We review all published eye-tracking studies to date that have used eye movements to examine multiple object (MOT) or multiple identity tracking (MIT). In both tasks, observers dynamically track multiple moving objects. In MOT the objects are identical, whereas in MIT they have distinct identities. In MOT, observers prefer to fixate on blank space, which is often the center of gravity formed by the moving targets (centroid). In contrast, in MIT observers have a strong preference for the target-switching strategy, presumably to refresh and maintain identity-location bindings for the targets. To account for the qualitative differences between MOT and MIT, two mechanisms have been posited, a position tracking (MOT) and an identity tracking (MOT & MIT) mechanism. Eye-tracking studies of MOT have also demonstrated that observers execute rescue saccades toward targets in danger of becoming occluded or are about to change direction after a collision. Crowding attracts the eyes close to it in order to increase visual acuity for the crowded objects to prevent target loss. It is suggested that future studies should concentrate more on MIT, as MIT more closely resembles tracking in the real world.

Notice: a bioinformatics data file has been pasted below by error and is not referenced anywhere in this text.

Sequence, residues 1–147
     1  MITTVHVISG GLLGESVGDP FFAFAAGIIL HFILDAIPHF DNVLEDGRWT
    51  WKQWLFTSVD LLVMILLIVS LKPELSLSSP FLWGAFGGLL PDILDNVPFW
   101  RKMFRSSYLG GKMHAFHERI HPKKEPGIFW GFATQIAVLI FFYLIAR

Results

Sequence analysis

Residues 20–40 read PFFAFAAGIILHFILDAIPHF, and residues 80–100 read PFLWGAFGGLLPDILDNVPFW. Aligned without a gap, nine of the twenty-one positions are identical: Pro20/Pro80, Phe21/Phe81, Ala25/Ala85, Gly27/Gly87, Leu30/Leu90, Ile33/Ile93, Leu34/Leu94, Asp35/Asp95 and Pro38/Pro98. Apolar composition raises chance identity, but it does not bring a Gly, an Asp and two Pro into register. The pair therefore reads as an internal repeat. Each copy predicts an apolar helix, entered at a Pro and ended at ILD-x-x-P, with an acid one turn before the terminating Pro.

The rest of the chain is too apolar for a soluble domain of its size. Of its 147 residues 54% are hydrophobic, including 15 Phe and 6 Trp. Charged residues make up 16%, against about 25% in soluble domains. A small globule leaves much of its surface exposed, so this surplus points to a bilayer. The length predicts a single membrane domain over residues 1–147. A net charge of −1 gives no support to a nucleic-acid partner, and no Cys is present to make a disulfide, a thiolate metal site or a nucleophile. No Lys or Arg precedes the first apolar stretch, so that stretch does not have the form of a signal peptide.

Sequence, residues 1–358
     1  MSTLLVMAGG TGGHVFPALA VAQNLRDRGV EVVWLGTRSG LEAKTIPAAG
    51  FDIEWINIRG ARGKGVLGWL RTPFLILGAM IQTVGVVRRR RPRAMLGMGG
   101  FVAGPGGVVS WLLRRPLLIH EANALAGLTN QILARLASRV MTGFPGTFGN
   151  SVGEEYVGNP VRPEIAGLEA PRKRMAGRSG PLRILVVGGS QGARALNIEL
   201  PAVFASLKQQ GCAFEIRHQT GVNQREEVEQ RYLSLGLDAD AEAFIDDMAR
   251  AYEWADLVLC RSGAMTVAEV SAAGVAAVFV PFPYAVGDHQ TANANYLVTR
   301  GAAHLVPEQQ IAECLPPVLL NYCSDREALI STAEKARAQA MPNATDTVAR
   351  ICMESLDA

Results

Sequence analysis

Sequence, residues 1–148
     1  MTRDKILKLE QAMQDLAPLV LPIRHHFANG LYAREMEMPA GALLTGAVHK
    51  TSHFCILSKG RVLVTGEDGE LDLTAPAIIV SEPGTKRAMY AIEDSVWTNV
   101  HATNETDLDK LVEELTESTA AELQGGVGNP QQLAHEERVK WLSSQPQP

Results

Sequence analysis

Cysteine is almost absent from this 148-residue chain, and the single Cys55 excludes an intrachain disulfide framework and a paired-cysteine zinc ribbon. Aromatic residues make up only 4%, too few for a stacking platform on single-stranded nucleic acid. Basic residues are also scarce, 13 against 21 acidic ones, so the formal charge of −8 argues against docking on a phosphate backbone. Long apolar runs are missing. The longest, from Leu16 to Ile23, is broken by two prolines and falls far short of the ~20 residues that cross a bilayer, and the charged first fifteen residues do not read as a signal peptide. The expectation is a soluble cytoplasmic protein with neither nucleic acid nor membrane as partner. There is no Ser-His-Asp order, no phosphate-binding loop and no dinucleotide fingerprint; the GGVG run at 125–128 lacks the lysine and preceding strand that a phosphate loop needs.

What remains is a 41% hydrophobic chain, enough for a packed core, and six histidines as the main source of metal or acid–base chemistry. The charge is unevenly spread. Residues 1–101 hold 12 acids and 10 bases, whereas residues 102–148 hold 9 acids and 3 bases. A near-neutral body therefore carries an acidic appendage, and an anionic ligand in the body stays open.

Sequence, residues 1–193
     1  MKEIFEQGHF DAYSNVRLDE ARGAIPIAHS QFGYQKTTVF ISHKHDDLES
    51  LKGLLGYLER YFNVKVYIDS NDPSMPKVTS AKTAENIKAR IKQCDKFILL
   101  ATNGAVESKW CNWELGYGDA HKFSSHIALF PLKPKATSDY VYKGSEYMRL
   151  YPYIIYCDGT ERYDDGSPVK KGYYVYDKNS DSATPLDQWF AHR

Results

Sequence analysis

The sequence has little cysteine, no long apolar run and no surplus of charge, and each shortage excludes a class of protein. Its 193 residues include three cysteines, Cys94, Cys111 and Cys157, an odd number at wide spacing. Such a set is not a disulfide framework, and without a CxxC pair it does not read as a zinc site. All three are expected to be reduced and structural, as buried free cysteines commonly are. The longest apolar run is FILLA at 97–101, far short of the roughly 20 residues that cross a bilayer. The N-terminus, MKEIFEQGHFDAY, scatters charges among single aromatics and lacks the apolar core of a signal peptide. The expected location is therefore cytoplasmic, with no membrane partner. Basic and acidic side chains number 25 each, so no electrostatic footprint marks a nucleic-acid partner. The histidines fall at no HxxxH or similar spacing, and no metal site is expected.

This is an open access article distributed under the Creative Commons Attribution License
which permits unrestricted use, distribution, and reproduction in any medium, provided the original work is properly cited